Secondly, that Mary is much grander than most figures in these paintings, and the fact an infinite expanse cascades behind her cloak, evokes Mary as the great Queen of Heaven. As her celestial frame swathes all within her cape, from her position on high, she shields the weary believers from the slings and arrows of this life. Here, the Church Triumphant in Heaven is expressed, those who intercede even now for us in this age of pilgrimage. Indeed, it is telling that, in the picture above, the only creatures to match Mary in stature are two hulking Saints who flank the Blessed Virgin, reaching out to the weary in this vale of tears.

Finally, and most importantly, these representations of Our Holy Mother bespeak a copious wealth of insight into the meaning of membership in the Church. Notice: in all these Icons, whether adorned with Kings and Queens, Popes and Bishops, Monks and Nuns, or a whole host of laity, every soul present beneath the cloak of Mary, bends their knee. All, no matter their stature, huddle humbly like Children, snuggled close to one another and with the Virgin Mother herself. Perhaps no other painting conveys this sense better than this:

Beyond bending their knees, their faces incorporated collectively into one amalgamated mass, these great men, though they retain their headwear, are naked (or at least “lightly clothed” to the extreme) under the mantle of Mary. Indeed, they look cold somehow, the colors of the paint seemingly seconds away from shivering. The concept, of course, is this: though we may embody different roles and offices in this life (what the differing head coverings represent), underneath we are as naked and poor as the day we were born, and without the protection of Mary and the Church she signifies and exemplifies, we would die of exposure when turned out to the world.

It is this paradoxical holding of two extremes—the power of mere hats but the nakedness of the mere individuals who wear them—that addresses me so profoundly here in the middle of Lent.

Here we devote an entire month plus to fasting, almsgiving and prayer, and yet our daily lives--subsumed as they are in the hats we must wear--go on as usual. Jesus instructs us to fast for an interior reason, and not for the respect of others—to wash our face and anoint our head. I know people are fond of posting their Ashes on Social Media each Ash Wednesday, while others with equal gusto castigate those who do so, but as good intentioned as it is, the latter practice goes back to a much more basic Protestant objection to the ashes. I heard it plenty growing up—does not publically wearing ashes go against the grain of what Our Lord protested against when he admonished those who fast outwardly?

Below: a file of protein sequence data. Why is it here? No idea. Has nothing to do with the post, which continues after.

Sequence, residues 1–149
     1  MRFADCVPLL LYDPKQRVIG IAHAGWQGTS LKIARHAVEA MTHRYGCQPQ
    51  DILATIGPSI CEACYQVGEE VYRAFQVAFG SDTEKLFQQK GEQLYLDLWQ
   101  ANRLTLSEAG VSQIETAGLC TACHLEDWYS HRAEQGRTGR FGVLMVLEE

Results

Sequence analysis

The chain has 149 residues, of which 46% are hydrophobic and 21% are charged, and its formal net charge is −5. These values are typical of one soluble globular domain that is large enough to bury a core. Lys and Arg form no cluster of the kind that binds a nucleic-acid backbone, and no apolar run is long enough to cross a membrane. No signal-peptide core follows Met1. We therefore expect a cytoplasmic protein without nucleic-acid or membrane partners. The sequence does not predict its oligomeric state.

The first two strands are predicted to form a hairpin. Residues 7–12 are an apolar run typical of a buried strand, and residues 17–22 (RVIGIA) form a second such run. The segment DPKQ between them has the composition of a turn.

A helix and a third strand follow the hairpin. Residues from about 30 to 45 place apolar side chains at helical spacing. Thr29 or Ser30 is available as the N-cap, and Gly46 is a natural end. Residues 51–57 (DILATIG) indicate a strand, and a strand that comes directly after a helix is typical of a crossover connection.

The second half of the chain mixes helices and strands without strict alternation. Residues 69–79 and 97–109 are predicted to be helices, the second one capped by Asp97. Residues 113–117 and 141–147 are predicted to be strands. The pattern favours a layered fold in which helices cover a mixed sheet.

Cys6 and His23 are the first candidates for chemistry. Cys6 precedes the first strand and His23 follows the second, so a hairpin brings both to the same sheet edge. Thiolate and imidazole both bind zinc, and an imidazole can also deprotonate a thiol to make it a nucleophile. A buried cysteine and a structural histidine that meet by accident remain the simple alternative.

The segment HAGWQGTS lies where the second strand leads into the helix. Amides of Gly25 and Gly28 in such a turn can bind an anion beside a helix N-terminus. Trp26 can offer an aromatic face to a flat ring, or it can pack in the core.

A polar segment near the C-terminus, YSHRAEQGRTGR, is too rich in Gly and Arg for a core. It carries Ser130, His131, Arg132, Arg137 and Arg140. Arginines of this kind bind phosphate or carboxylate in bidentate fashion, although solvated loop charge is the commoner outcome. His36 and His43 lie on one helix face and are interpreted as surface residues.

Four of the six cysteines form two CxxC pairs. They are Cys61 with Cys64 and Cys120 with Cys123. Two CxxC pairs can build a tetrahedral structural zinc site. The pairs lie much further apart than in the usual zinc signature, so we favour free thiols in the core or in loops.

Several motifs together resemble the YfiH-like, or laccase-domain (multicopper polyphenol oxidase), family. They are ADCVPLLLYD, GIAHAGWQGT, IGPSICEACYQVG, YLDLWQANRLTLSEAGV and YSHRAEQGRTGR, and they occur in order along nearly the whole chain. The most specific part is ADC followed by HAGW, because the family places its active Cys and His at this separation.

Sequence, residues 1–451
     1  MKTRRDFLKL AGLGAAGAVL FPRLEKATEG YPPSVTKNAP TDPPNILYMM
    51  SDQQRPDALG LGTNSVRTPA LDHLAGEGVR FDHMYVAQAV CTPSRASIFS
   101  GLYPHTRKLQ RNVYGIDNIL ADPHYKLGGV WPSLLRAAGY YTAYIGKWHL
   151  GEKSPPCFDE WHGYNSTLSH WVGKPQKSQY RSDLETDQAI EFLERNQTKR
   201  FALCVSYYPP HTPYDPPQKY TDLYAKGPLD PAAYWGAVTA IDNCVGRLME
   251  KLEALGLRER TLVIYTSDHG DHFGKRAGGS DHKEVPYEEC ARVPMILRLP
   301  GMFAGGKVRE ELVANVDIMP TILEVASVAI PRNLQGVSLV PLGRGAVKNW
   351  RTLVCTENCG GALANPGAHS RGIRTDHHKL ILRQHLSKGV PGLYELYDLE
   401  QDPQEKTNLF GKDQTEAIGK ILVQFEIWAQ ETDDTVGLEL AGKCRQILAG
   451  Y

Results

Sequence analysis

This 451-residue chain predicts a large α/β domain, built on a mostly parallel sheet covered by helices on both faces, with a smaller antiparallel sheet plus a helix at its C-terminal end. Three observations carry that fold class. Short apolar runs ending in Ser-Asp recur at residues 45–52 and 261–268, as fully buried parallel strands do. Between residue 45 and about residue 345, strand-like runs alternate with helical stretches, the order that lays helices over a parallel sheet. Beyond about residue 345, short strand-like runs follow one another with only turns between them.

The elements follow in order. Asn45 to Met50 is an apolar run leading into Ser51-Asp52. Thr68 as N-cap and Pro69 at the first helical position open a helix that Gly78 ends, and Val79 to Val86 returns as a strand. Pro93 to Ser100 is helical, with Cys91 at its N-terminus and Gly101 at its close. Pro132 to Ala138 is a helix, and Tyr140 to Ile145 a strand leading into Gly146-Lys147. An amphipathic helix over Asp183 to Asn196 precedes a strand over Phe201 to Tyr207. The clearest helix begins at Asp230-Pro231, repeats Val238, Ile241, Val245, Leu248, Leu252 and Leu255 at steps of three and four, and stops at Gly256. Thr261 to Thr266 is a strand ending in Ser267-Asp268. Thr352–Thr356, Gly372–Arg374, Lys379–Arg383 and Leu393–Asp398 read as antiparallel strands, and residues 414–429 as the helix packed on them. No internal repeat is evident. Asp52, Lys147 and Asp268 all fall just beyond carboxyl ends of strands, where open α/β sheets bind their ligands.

We must remember that the ceremony of ashes came about in cultures where nearly everyone was Catholic. You did not need to remind anyone you were fasting—the great majority of everyone you knew did the same. What the ashes reminded everyone of was something akin to this picture—everyone will be dust someday soon, from the lowest pauper to the highest prince.

Underneath the diadems and miters, we are all naked, we are all ash. If it was not for the Church, if it was not for the prayers of the Mother of God and the Saints, if it was not for Jesus Christ, who lived, died, and was resurrected so that all this could exist to shelter us, we would perish, and return to the dust from which we came.

In Lent, we learn to kneel, we learn that we are fundamentally naked, we learn that we are in this boat together, huddled children imploring our Mother to protect us from the relentless storm. We do this while we wear our various hats, realizing that what we wear is not who we fundamentally are, but who we have been asked to be at the good pleasure of Our Lord and his Mother, the Church.

But we are not only our nakedness—we are the children of this loving mother, who wraps us in Her mantle and protects us. But we can only fit under the mantle if we bend our knee, and while there is a vast amount of room under her cloak, we can only fit in next to her if we are willing to sidle up, side-by-side, with our brothers and sisters underneath.

Virgin of Mercy, pray for us this Lent!

Are we failing advent?

Are we failing advent?

Advent has been distorted by our rampant consumerism. It use to be that prior to the Celebration of the Lord’s Nativity, there were no Christmas parties. Christmas parties for work and other circles were celebrated after Christmas. But this year, I was in Macy’s the day before Halloween and they were decked out for Christmas! I mean, seriously, Christmas on October 30th? 57 days before Christmas? And practically a month before Thanksgiving? We have a crisis amongst believers on what is the spirituality of Advent...